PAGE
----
Germany vs. Hungary: UEFA facing criticism over its position on rainbow colors

European football governing body UEFA found itself on the defensive over diversity ahead of the Euro 2020 match between Germany and Hungary on Wednesday.

It started with a proposal by the Munich city council to illuminate the Allianz Arena in rainbow colors for the game — a response to an anti-LGBTQ law passed by the Hungarian parliament last week.

UEFA declined the request, citing its “political context.” But opposition to that decision snowballed ahead of the game.

“It’s true, the football pitch is not about politics. It’s about people, about fairness, about tolerance,” German foreign minister Heiko Maas tweeted on Wednesday.

“That’s why UEFA is sending the wrong signal. But fortunately you can still show your colors today — in the stadium and outside #loveislove.”

Around 20,000 rainbow-colored flags were distributed at the Allianz Arena ahead of the game, while many spectators attending the match dressed in rainbow-colored clothes. Germany goalkeeper Manuel Neuer also wore a rainbow armband for the game.

Then as the players of Hungary sang the national anthem before kickoff, a pitch invader with a rainbow flag ran onto the pitch.

Across Germany, football clubs also illuminated their home grounds in rainbow colors during the game, which ended in a 2-2 draw. The outside of Munich’s city hall, meanwhile, was decorated in rainbow flags.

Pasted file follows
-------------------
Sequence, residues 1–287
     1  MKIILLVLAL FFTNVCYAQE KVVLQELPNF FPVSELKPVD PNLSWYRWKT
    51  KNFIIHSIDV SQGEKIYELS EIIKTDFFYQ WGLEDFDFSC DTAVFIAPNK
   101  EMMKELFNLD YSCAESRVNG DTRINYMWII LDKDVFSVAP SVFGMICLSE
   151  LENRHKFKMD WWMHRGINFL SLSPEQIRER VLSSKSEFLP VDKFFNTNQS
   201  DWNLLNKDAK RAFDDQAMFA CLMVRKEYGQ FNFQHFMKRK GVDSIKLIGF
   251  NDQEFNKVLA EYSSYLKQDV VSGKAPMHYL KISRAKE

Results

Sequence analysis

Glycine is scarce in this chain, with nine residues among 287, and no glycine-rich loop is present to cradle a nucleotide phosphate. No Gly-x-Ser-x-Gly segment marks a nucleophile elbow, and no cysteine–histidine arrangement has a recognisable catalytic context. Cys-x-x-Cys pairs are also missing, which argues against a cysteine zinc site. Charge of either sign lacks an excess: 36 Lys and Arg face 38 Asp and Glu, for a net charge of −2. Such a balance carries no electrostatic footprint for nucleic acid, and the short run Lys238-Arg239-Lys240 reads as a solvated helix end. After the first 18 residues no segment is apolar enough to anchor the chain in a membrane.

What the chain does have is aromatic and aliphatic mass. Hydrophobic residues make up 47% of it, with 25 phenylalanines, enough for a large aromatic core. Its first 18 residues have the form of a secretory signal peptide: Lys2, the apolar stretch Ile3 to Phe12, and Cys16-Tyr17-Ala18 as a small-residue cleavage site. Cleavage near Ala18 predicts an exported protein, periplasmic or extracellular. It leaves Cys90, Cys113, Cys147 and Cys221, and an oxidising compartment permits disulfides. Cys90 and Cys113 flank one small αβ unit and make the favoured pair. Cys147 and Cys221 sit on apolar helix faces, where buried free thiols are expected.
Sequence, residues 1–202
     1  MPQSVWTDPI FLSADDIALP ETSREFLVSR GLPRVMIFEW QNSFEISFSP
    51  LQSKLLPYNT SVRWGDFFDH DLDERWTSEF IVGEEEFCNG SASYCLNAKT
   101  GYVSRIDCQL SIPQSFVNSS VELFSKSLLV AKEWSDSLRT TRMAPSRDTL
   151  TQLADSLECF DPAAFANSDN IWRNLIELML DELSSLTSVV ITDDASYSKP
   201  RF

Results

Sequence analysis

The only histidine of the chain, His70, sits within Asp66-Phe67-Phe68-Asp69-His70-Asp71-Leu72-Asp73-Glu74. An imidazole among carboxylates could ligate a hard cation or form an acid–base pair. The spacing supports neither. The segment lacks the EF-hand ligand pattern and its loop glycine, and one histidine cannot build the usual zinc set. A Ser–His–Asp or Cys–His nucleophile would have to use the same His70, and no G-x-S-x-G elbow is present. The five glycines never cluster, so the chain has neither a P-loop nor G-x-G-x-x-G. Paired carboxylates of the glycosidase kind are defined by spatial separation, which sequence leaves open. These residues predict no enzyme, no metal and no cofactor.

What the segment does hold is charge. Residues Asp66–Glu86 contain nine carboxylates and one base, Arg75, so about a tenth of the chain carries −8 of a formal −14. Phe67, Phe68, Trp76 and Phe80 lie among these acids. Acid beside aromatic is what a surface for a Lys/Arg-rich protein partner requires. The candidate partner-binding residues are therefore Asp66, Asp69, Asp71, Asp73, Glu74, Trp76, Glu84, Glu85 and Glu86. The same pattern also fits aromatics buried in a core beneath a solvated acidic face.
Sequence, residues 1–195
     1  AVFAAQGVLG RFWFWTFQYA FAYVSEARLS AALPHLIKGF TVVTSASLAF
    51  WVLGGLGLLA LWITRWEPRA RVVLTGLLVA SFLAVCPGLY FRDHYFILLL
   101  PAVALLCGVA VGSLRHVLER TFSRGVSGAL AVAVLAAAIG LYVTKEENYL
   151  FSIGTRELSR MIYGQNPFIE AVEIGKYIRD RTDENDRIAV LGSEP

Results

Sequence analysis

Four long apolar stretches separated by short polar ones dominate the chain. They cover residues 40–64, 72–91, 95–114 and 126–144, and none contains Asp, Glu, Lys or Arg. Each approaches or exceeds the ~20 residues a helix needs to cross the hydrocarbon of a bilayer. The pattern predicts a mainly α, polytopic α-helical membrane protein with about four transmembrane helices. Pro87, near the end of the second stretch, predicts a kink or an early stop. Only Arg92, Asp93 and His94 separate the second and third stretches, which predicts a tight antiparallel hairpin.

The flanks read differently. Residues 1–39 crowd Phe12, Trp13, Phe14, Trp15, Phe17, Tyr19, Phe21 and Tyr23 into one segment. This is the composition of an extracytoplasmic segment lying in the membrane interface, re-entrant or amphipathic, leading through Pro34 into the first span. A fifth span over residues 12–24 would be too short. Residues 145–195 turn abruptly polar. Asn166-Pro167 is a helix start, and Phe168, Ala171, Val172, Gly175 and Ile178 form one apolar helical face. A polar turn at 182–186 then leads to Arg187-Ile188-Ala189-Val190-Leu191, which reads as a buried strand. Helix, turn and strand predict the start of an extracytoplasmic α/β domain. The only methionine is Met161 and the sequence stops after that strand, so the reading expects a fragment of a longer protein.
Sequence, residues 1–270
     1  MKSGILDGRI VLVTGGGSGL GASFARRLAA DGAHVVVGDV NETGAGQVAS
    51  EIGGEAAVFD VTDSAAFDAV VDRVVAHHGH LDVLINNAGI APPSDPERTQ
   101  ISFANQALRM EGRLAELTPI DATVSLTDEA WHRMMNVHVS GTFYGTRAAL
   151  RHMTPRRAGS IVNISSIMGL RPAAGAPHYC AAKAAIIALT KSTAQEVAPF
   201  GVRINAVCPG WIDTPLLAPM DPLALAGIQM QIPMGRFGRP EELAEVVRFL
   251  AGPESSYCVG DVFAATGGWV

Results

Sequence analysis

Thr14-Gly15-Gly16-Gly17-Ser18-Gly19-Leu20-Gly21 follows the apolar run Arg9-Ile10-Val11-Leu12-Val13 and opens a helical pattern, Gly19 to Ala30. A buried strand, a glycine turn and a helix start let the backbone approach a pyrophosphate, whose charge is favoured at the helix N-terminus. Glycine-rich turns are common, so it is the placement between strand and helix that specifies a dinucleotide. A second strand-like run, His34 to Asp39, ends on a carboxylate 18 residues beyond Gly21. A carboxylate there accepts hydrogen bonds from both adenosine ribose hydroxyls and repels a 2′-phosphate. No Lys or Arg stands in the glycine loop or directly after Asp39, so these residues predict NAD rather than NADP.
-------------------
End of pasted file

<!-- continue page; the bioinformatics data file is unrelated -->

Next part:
‘German politicians’

On Twitter, France forward Antoine Griezmann had posted a photo of the Allianz Arena with its rainbow lights on prior to the game, and German businesses — such as BMW, Siemens and Sparkasse — changed their logos to rainbow colors.

Hungary twice led in the match as Germany teetered on the brink of exiting Euro 2020, but substitute Leon Goretzka’s 84th minute goal secured a point for Joachim Löw’s team. Germany will now play England at Wembley Stadium on Tuesday in the last 16 round.

The rainbow flag has become a universal symbol of hope for LGBTQ people around the world and is commonly adopted by members of the football community and beyond as a show of solidarity.

The response to the decision not to light up the Allianz Arena in rainbow colors prompted UEFA to defend its position, while also incorporating rainbow colors into its social media logos.

“Some people have interpreted UEFA’s decision to turn down the city of Munich’s request to illuminate the Munich stadium in rainbow colors for a Euro 2020 match as ‘political,'” UEFA said in a statement on Wednesday.

“On the contrary, the request itself was political, linked to the Hungarian football team’s presence in the stadium for this evening’s match with Germany.

“For UEFA, the rainbow is not a political symbol, but a sign of our firm commitment to a more diverse and inclusive society. #Equalgame #Euro2020.”

As for Hungary, its Prime Minister Viktor Orban said that “German politicians” should accept the decision not to illuminate the stadium.

“It is not the state’s job to decide whether to paint the stadium in Munich, or any other stadium, in rainbow colors,” he told German news agency DPA.

Orban added: “While homosexual people were persecuted in Hungary under the communist leadership, today the state does not only guarantee their freedoms but also actively protects their rights.”

The new legislation in Hungary, which was passed last week, bans the dissemination of content in schools deemed to promote homosexuality and gender change. It has been widely criticized by human rights groups and opposition parties.

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